Raising A World Changing Child

Raising a world changer is no small feat. But it does have a huge impact. You can teach your child to be brave, face their fears, and overcome hard things.

As you guide your strong-willed child with your family’s compassionate values and a sensitivity toward our planet and all of its inhabitants, mindful parenting will be a major key.

Raising a world changer

Mother of three and relationship coach, Christy Little Jones, shares her tips for raising a child who grows up to be a world changer.

Life is full of challenging situations. You don’t have to look far to notice injustices or errors in the way “things have always been done”. You can use these situations to help your child be the change they wish to see in the world. By intentionally equipping them with the tools to handle these hard things, you can encourage your budding world changer.

Here are five ways to raise kids who can do hard things, kids who are overcomers, kids who are world changers.

Help Your Child Find Their Natural Gifts

As the parent of a world changer, you already know a lot about them, but it helps to have a vision. What are your child’s natural gifts? What are their interests?

Sit down with your child and ask them what they believe their gifts are. Find out how they want to use them to bring change into the world?

Once you’ve identified their gifts, talents, and interests, help them put those gifts into practice. If your son loves animals, think of ways this passion can make a difference. Depending on the age of your child, you can volunteer together at an animal shelter or dog-sit for a friend.

Let Them Explore… And Fail

Experience is the best teacher! When we create the space for our child to explore, learning and development takes place at any age. A child who explores their ideas, thoughts, and beliefs through action gains the freedom to engage with others on a deeper level.

Exploring helps us to discover who we are, what we like and what we don’t. Can you imagine creating an environment for your children where failure is embraced? Resiliency is a natural byproduct of learning what went wrong and how to correct it.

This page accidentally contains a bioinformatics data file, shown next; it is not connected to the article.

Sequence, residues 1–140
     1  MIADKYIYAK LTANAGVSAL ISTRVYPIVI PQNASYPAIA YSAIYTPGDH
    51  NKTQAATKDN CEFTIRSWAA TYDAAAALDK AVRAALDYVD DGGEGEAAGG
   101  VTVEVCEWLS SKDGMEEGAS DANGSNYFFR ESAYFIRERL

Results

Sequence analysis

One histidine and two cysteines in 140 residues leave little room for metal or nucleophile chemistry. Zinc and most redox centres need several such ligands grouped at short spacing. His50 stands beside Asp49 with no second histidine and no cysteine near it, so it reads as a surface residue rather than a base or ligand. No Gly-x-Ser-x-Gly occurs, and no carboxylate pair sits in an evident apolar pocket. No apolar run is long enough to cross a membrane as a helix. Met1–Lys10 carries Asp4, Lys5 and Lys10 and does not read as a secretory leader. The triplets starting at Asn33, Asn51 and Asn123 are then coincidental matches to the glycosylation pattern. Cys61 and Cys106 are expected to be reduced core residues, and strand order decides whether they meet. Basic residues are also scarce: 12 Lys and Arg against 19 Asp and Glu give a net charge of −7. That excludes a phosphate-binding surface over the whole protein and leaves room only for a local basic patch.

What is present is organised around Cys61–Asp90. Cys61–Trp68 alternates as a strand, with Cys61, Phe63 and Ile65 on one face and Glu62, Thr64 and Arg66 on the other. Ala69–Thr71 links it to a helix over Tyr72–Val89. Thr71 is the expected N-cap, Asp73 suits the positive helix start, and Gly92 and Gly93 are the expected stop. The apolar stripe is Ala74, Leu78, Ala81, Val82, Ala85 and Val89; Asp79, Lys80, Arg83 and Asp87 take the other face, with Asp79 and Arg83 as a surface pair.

And encourage their bravery. As Glennon Doyle says in Carry On, Warrior: Thoughts on Life Unarmed, “Brave is not something you should wait to feel. Brave is a decision. It is a decision that compassion is more important than fear, than fitting in, than following the crowd.”

Give Them Opportunities to Change the World Around Them

There’s nothing more disheartening than caring about an issue and not being able to do anything to support or change it. If your child notices litter at the park, help them pick it up and recycle it or throw it away. If seeing a homeless person makes them feel sad, help your child select some supplies and take them to that person or to a local shelter.

“Every Sunday, our grandma made dinner for the whole family. She’d always have a plate ready for an elderly woman who lived alone down the street,” explains Green Child’s editor Amity Hook-Sopko. “My cousins and I would walk the food down, visit with her, and come back in time for dinner.”

“My grandma was always involving us in helping her crochet or make a quilt for a church raffle. We also helped her make dresses for dolls she would give to charity. There was never a comment about how we were more fortunate than others. And she never lectured us about how much you’re supposed to give or do for others. Giving was just part of who she was, and it rubbed off on us because she actively involved us in her efforts.”

Be Consistent and Follow Through

Consistency is one of the keys to raising a child who follows through on their commitments. If you are wishy-washy or don’t follow through, they’ll follow your lead.

Setting logical consequences and following the say-what-you-mean / mean-what-you-say philosophy will ensure your child always knows what to expect from you and helps them become intentional with their word.

Be Your Child’s Cheerleader

An overcomer can withstand a lot of challenges, but it’s always grounding to have someone in your corner. Your support means so much to your child. And your words hold power and long-lasting influence. Make the decision to support and encourage your child throughout the trials and tribulations of their efforts toward becoming a world changer.

Be careful with your words and actions. If your child trusts you, you’ll gain access to walking along their journey to changing the world!

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